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Ketanji Brown Jackson sworn in as first Black woman on the Supreme Court

Jackson, a former public defender and federal appeals court judge, replaces Justice Stephen Breyer, who has officially retired from the high court.
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Ketanji Brown Jackson was sworn in as a Supreme Court justice Thursday, making her the first Black woman on the nation's highest court.

Jackson, a former public defender and federal appeals court judge, was sworn in during a small ceremony shortly after Justice Stephen Breyer's retirement became official. Chief Justice John Roberts administered the constitutional oath and Breyer administered the judicial oath.

Jackson's husband, Dr. Patrick Jackson, their two daughters and the other justices on the Supreme Court were in attendance, as well as retired Justice Anthony Kennedy, who stepped down from the court in 2018.

After the ceremony, Jackson said in a statement, "With a full heart, I accept the solemn responsibility of supporting and defending the Constitution of the United States and administering justice without fear or favor, so help me God. I am truly grateful to be part of the promise of our great Nation. I extend my sincerest thanks to all of my new colleagues for their warm and gracious welcome."

She also singled out Breyer, who hired her as a clerk in 1999, calling him a "personal friend and mentor of mine."

Justice Breyer (Retired) and Justice Jackson
Justice Stephen G. Breyer and Justice Ketanji Brown Jackson in the Justices’ Conference Room, Supreme Court Building.Fred Schilling / Collection of the Supreme Court of the United States

Breyer said Jackson's "hard work, integrity, and intelligence have earned her a place on this Court."

"I am glad for my fellow Justices," he added. "They gain a colleague who is empathetic, thoughtful, and collegial. I am glad for America. Ketanji will interpret the law wisely and fairly, helping that law to work better for the American people, whom it serves."

Roberts said a formal investiture ceremony will be held for Jackson in the fall, but her swearing-in Thursday enables her to get to work on the court in the meantime.

In a statement, President Joe Biden thanked Breyer for his service and congratulated his nominee on becoming "Justice Jackson."

"Her historic swearing in today represents a profound step forward for our nation, for all the young, Black girls who now see themselves reflected on our highest court, and for all of us as Americans," Biden said, adding that the Supreme Court "just gained a colleague with a world-class intellect, the dignified temperament the American people expect of a justice, and the strongest credentials imaginable."

Jackson was confirmed by the Senate in a 53-47 vote in April. Vice President Kamala Harris, the first Black American and first person of South Asian descent to be elected to her role, presided over the confirmation vote.

Jackson watched the vote in the White House alongside Biden, who selected her as Breyer's replacement in February, fulfilling a campaign promise to pick a Black woman if given the opportunity. At 51, she is young enough to hold the seat for decades.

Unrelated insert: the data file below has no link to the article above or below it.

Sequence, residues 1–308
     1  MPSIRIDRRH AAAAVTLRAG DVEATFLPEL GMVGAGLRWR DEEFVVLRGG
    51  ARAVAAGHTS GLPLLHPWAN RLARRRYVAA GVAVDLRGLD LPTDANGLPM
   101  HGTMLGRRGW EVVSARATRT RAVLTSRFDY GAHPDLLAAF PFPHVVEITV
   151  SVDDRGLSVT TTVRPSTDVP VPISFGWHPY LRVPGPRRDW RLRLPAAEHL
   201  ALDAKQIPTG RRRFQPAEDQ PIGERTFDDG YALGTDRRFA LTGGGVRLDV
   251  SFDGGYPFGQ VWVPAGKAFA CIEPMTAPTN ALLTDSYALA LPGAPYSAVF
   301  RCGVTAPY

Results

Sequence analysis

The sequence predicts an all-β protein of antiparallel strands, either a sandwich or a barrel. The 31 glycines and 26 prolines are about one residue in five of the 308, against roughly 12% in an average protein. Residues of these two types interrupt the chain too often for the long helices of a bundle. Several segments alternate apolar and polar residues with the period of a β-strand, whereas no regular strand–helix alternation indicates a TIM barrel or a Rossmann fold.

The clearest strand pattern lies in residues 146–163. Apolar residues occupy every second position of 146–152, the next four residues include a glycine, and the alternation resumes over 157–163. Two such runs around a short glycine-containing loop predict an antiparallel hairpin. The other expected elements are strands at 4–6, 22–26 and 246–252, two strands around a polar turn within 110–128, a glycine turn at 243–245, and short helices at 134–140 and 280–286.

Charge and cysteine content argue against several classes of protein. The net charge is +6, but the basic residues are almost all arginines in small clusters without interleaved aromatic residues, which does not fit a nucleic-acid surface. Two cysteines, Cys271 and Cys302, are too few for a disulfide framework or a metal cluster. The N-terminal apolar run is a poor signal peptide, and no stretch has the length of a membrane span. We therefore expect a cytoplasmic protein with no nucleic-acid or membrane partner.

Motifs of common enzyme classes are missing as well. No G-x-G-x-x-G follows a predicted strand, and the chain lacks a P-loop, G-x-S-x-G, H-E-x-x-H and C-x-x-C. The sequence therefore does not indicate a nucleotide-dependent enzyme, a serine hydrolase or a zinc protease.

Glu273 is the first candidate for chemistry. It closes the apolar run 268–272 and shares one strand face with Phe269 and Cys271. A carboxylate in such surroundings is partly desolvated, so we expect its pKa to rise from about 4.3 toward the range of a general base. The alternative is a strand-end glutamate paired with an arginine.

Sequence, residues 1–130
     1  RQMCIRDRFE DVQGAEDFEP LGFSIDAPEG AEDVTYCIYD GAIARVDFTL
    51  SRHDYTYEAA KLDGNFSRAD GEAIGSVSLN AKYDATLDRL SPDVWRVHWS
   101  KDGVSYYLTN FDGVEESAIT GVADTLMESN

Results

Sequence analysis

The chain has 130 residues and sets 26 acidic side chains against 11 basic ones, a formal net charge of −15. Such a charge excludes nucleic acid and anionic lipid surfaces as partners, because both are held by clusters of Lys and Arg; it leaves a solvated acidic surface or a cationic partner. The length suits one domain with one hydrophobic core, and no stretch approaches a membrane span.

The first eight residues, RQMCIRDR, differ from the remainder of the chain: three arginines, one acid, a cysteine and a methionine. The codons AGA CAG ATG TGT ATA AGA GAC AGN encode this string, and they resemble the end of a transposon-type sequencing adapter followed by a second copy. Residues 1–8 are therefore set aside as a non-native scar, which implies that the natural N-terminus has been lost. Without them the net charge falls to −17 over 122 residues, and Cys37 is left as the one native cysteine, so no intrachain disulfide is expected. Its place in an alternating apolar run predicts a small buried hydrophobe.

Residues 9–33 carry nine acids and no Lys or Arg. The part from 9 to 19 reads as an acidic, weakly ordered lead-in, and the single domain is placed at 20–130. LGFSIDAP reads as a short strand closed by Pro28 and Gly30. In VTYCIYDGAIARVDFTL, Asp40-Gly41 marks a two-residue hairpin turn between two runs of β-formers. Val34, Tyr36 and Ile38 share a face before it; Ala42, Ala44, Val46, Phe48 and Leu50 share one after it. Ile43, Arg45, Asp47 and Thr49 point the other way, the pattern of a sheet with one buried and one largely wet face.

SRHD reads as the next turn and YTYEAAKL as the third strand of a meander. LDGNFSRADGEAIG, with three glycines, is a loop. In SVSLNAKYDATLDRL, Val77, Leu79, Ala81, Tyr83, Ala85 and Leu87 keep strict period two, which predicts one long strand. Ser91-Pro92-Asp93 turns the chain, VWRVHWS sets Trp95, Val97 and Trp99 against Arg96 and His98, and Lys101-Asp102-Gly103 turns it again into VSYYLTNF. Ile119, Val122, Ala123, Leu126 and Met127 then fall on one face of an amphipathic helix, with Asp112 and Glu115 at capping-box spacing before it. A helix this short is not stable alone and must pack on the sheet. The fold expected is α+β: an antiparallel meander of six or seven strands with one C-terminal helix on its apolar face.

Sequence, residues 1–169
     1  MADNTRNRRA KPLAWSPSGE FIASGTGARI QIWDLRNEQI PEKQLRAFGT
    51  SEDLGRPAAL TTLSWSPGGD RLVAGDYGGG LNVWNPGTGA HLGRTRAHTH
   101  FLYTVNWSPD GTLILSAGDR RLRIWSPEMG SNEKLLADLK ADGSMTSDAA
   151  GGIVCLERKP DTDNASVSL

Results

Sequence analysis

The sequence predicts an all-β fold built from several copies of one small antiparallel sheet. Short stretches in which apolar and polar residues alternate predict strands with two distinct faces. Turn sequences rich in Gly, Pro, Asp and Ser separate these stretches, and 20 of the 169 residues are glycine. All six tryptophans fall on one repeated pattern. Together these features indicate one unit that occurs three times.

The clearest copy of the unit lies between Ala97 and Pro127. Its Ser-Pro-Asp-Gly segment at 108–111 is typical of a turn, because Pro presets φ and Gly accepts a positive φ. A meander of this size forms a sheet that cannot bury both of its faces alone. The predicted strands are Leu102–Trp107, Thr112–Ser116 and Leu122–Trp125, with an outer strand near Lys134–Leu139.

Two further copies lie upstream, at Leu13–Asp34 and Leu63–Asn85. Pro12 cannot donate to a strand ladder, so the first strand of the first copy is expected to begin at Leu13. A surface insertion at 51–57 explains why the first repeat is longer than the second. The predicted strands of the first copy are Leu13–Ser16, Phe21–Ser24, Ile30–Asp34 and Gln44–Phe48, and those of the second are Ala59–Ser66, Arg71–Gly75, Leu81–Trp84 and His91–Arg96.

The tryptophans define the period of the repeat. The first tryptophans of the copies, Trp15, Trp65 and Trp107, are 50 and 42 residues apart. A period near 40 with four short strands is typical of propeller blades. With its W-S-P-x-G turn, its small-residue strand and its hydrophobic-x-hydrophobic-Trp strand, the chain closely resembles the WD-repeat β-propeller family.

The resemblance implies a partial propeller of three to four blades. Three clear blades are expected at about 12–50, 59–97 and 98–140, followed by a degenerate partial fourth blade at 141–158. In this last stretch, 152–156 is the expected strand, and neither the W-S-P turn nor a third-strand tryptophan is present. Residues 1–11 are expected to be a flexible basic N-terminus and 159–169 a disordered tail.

“For too long our government, our courts, haven’t looked like America,” Biden said when he nominated Jackson. “I believe it’s time that we have a court that reflects the full talents and greatness of our nation.”

At the time, Jackson said: “If I’m fortunate enough to be confirmed as the next associate justice of the Supreme Court of the United States, I can only hope that my life and career, my love of this country and the Constitution, and my commitment to upholding the rule of law and the sacred principles upon which this great nation was founded, will inspire future generations of Americans.”

Signing the Oaths of Office
Chief Justice John G. Roberts looks on as Justice Ketanji Brown Jackson signs the Oaths of Office in the Justices' Conference Room, Supreme Court Building. Fred Schilling / Collection of the Supreme Court of the United States

Born in Washington, D.C., Jackson grew up in Miami. Her father was a lawyer for the Miami-Dade School Board and her mother was a school administrator. She's said that her father, a former history teacher, inspired her to go into law. Jackson graduated cum laude from Harvard Law School in 1996, before she clerked for Breyer three years later.

After she spent years working for private firms, Jackson worked as an attorney at the U.S. Sentencing Commission from 2003 to 2005, according to her Supreme Court biography. She then served as an assistant federal public defender in Washington, before returning to private practice in 2007. In 2012, then-President Barack Obama nominated Jackson to the U.S. District Court in D.C., where she served from 2013 to 2021.

Her nomination to the high court was backed by progressive groups, but also by former House Speaker Paul Ryan, a Republican and a relative of Jackson's. Her husband’s twin brother is married to Ryan’s sister-in-law. "Our politics may differ, but my praise for Ketanji’s intellect, for her character, and for her integrity, is unequivocal," Ryan tweeted after her nomination.